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Israel, Egypt to increase military presence along Egypt's Rafah border

Egypt and Israel sign an agreement allowing increased military presence in Egypt's Rafah border area, a move that analysts say is a win-win for the two neighbors.
This picture taken on Sept. 27, 2020, from the Palestinian side of the border between the Gaza Strip and Egypt in Rafah shows Egyptian soldiers.

Egypt has announced it will ramp up military troop deployment near the Rafah border with the Gaza Strip in a bid "to strengthen national security."  

According to a statement published Nov. 8 by Egyptian armed forces spokesperson Gharib Abdel Hafez on his official Facebook page, "A joint military committee succeeded (during a coordination meeting with the Israeli side) in amending the security agreement to increase the number and capabilities of border guards near the Rafah crossing."  

The security agreement cited by Abdel Hafez is an annex to the 1979 Camp David Peace Accords signed by late Egyptian President Anwar Sadat and then-Israeli Prime Minister Menachem Begin allowing Egypt to maintain a civilian police force only in the eastern strip of the Sinai Peninsula. That, however, has changed in recent years with the warming of ties between Cairo and Jerusalem and Egypt's ongoing military campaign against Islamist jihadi groups waging an insurgency in the northern Sinai Peninsula.

Not only has Israel turned a blind eye to the annex of the Camp David Accords banning the presence of significant Egyptian forces in the area, the Jewish state has also cooperated closely with Egyptian security forces in their war on terrorism in the restive Sinai Peninsula, including by "carrying out a covert air campaign, conducting more than 100 airstrikes (against jihadi targets) inside Egypt," according to a New York Times report published Feb. 3, 2018.   

While President Abdel Fattah al-Sisi admitted in a January 2019 CBS interview that security cooperation with Israel "is tighter than it has ever been," the extent of that cooperation has not been made public partly because of a news blackout on security developments in the northern Sinai Peninsula. The Egyptian authorities are also aware that warmer ties with Israel may provoke public discontent. While many Egyptians are not averse to trade with Israel, the Egyptian public is wary of deepening ties with the Jewish state until a just and durable peace with the Palestinians is achieved.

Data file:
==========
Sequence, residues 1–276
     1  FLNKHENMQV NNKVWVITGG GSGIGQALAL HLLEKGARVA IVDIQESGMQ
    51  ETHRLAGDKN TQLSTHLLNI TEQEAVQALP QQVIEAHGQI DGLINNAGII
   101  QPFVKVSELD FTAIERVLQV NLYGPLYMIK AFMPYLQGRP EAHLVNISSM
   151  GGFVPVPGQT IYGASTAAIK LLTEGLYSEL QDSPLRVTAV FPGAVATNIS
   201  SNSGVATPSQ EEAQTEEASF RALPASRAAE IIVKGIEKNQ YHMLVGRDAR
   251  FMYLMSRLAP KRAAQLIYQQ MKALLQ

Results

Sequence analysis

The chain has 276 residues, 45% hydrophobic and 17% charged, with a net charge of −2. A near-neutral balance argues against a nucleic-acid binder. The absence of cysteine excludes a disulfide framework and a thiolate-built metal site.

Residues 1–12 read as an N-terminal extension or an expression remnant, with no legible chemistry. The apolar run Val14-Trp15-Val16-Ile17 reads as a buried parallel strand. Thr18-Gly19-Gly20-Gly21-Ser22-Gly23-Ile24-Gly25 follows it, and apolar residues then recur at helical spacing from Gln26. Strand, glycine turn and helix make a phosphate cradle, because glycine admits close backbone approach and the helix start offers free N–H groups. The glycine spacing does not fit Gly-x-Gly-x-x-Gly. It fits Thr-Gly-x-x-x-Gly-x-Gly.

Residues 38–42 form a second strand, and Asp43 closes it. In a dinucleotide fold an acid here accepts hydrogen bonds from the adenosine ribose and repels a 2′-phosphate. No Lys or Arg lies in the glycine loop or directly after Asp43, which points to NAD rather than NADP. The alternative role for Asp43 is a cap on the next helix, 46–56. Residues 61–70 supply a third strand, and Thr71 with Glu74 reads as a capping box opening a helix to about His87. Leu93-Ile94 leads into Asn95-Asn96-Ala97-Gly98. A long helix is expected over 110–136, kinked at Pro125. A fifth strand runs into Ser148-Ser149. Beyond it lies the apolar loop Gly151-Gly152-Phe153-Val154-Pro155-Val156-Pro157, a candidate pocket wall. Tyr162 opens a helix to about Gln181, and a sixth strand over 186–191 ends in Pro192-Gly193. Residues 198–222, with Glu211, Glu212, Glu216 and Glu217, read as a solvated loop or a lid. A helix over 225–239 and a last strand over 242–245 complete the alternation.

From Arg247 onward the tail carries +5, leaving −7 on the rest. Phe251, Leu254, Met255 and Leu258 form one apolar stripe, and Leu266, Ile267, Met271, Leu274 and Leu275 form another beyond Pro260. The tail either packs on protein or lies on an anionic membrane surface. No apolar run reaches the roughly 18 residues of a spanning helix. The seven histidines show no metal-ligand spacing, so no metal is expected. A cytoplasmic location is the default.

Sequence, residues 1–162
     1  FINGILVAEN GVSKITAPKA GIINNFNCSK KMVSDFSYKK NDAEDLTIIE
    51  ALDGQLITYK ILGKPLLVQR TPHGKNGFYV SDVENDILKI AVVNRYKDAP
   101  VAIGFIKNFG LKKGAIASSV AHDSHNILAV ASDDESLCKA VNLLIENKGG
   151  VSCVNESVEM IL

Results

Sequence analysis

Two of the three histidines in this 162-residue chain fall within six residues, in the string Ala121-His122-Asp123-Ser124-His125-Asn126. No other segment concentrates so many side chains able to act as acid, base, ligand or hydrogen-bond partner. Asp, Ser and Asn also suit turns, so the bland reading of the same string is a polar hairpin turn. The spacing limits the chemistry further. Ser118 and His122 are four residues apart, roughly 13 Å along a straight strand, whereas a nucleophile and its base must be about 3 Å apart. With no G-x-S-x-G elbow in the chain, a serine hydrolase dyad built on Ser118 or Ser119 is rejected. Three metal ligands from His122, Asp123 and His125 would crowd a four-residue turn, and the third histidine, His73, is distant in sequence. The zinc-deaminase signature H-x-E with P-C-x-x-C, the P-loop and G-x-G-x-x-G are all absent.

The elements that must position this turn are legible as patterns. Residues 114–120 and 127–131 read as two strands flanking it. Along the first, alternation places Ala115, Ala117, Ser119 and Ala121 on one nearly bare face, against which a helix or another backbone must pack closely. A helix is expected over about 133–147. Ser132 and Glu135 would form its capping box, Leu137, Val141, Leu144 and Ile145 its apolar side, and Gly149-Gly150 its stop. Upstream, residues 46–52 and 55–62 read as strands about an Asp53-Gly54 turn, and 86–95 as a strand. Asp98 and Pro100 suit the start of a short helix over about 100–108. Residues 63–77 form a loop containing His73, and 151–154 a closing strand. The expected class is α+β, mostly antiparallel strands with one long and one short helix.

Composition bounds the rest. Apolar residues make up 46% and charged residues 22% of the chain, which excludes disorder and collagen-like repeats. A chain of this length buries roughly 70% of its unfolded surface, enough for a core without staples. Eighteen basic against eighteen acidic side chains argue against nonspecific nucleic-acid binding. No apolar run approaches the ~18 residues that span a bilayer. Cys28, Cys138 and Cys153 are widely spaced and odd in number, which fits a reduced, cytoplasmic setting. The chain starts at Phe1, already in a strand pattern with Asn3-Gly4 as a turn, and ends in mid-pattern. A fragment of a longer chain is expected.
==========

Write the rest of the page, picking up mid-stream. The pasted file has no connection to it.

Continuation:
The Nov. 7 deal struck between senior Egyptian and Israeli military officers during their meeting in the Red Sea resort city of Sharm el-Sheikh has brought the joint collaboration between the two allies to light. Israel has now officially given the Egyptian military greater control over the border area and greater leeway to operate against the Islamic State (IS)-affiliated militant groups in the northern Sinai Peninsula, enhancing its own security in the process. Sinai Province (Wilayat Sinai), IS's Egypt affiliate, has in the past fired rockets from the Sinai Peninsula into Israel, claiming responsibility for the attacks in the Eilat region. In one such assault carried out in July 2015, the group said it had acted in retaliation for "Israeli support for the Egyptian army."  

Senior military strategist Samir Farag welcomed the recent agreement between Egypt and Israel, saying it has made members of the Egyptian armed forces "very happy." He explained that under the Camp David Accords, the Sinai Peninsula was divided into three zones: A, B and C.   

"The Camp David Treaty regulated the presence of forces in the Sinai, allowing only civilian police forces to be deployed to zone C — the area nearest to the shared border with Israel," he told Al-Monitor.